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Minor Marijuana Possession Does Not Warrant Automatic Deportation, Supreme Court Rules

By Nicole Flatow  

"Minor Marijuana Possession Does Not Warrant Automatic Deportation, Supreme Court Rules"

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The U.S. Supreme Court held Tuesday that an immigrant should not have been automatically deported for a minor marijuana conviction. In a 7-2 decision, Justice Sonia Sotomayor said a state charge of possession with intent to distribute for possession of an amount equivalent to two or three marijuana joints was not an “aggravated felony.”

Under U.S. law, immigrants facing deportation typically have an opportunity to contest it. However, if the immigrant has been convicted of crimes categorized as “aggravated felonies” in the Immigration and Nationality Act, deportation is automatic, and not even claims that the individual is seeking asylum can stop that person’s removal from the country. The “aggravated felonies” category includes illicit drug trafficking offenses, but it does not include mere drug possession. Under federal drug law, Jamaican national Adrian Moncrieffe would not have been charged with possession with intent distribute for mere possession of the 1.3 grams found in his car during a traffic stop, with no evidence that money changed hands. But Georgia law defines crimes differently, and immigration agents determined that his guilty plea to the state crime of the same name qualified him for automatic deportation.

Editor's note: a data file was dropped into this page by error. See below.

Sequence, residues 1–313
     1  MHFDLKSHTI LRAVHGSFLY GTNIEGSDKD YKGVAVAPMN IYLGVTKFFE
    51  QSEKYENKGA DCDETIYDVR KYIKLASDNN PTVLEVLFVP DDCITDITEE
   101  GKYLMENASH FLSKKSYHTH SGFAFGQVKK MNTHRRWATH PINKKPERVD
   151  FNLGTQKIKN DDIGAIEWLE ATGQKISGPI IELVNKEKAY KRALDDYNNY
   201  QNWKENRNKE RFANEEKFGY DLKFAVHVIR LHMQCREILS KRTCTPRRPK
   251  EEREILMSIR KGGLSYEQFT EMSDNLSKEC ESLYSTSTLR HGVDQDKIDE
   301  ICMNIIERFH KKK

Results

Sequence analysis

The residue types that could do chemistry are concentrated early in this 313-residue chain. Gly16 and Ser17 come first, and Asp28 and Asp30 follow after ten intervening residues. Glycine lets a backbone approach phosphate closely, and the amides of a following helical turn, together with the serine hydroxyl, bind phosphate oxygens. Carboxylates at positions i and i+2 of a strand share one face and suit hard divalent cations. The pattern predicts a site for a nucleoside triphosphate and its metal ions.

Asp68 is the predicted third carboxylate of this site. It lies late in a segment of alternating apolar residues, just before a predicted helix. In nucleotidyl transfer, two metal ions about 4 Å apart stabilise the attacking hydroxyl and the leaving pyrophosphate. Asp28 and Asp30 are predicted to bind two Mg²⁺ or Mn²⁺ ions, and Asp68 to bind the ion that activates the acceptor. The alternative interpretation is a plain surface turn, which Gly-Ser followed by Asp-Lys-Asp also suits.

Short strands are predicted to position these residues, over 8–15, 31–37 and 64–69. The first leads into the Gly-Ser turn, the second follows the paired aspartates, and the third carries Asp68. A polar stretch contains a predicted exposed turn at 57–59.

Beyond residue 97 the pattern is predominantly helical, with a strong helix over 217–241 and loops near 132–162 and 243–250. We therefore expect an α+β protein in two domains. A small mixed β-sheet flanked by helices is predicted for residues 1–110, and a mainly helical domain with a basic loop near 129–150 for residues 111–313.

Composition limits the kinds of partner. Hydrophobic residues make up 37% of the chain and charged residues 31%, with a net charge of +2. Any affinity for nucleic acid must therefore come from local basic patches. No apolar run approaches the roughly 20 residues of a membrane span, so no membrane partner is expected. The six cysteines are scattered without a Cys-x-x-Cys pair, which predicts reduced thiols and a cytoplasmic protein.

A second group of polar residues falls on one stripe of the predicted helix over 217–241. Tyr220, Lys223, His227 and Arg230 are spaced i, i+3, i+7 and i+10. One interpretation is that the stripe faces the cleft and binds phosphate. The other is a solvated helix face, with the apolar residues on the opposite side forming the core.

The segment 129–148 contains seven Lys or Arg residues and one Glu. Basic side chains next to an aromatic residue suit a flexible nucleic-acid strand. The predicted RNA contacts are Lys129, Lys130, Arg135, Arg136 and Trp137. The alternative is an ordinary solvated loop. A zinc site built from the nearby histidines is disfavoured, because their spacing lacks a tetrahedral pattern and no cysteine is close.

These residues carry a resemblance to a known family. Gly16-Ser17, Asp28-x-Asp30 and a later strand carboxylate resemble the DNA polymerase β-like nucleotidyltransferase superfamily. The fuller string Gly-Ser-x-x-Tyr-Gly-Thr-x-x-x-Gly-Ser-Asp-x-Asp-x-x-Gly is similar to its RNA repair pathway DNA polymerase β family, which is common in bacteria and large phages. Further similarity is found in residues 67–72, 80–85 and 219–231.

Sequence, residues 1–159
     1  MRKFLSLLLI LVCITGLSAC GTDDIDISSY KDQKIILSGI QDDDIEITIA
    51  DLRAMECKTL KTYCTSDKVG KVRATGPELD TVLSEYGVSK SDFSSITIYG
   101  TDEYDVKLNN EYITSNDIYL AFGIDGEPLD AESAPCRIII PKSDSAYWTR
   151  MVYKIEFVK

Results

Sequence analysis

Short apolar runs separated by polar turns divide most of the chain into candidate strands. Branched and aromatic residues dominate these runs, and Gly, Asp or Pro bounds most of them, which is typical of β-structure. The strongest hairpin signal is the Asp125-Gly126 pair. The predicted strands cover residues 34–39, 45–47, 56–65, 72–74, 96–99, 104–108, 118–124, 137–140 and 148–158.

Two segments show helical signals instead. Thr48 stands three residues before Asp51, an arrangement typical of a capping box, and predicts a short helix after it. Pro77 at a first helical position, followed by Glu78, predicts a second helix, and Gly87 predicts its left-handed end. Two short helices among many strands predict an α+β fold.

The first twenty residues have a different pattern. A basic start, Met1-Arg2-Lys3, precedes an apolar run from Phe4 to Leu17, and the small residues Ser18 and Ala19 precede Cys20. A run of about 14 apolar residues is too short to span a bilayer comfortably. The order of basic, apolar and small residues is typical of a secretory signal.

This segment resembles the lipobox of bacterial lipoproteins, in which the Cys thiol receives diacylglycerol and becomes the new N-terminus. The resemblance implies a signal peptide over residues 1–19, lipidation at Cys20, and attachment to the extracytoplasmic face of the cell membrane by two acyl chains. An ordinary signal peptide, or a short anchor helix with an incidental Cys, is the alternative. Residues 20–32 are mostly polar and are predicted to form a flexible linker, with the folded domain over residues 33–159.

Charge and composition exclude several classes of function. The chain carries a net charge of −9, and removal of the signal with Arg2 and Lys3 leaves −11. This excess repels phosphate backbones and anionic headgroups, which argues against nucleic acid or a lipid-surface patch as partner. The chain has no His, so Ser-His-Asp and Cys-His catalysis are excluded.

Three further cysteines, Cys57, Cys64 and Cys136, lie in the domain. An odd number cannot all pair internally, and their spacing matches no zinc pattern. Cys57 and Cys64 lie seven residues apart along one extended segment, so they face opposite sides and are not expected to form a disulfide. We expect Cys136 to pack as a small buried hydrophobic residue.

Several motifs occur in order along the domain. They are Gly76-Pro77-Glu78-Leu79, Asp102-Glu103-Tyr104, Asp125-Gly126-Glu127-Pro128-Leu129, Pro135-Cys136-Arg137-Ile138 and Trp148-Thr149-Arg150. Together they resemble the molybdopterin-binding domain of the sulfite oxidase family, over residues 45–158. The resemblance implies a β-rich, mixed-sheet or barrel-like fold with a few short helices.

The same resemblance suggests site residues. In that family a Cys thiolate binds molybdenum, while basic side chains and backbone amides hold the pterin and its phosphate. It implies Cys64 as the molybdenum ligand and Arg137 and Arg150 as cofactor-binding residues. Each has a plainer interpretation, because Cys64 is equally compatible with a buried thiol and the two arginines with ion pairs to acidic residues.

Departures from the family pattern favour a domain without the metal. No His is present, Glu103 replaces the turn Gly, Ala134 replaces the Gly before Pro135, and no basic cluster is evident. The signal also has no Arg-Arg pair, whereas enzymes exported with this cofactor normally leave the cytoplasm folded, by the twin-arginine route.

Justice Sotomayor rejected immigration agents’ equivocation of Moncrieffe with a commercial drug dealer:

This is the third time in seven years that we have considered whether the Government has properly characterized a low-level drug offense as “illicit trafficking in a controlled substance,” and thus an “aggravated felony.” Once again we hold that the Government’s approach defies “the ‘commonsense conception’” of these terms. Sharing a small amount of marijuana for no remuneration, let alone possession with intent to do so, “does not fit easily into the ‘everyday understanding’” of “trafficking,” which “‘ordinarily . . . means some sort of commercial dealing.’” Nor is it sensible that a state statute that criminalizes conduct that the CSA treats as a misdemeanor should be designated an “aggravated felony.” We hold that it may not be. If a noncitizen’s conviction for a marijuana distribution offense fails to establish that the offense involved either remuneration or more than a small amount of marijuana, the conviction is not for an aggravated felony under the INA.

This decision was a case of a state crime misapplied to a federal immigration law. But it also highlights another area of the law in which drug use is harshly over-punished. While Moncrieffe, who has lived in the United States since he was three years old, rightly escaped automatic deportation, those immigrants who are found guilty of a distribution-related crime under the federal Controlled Substances Act will not fare as well.

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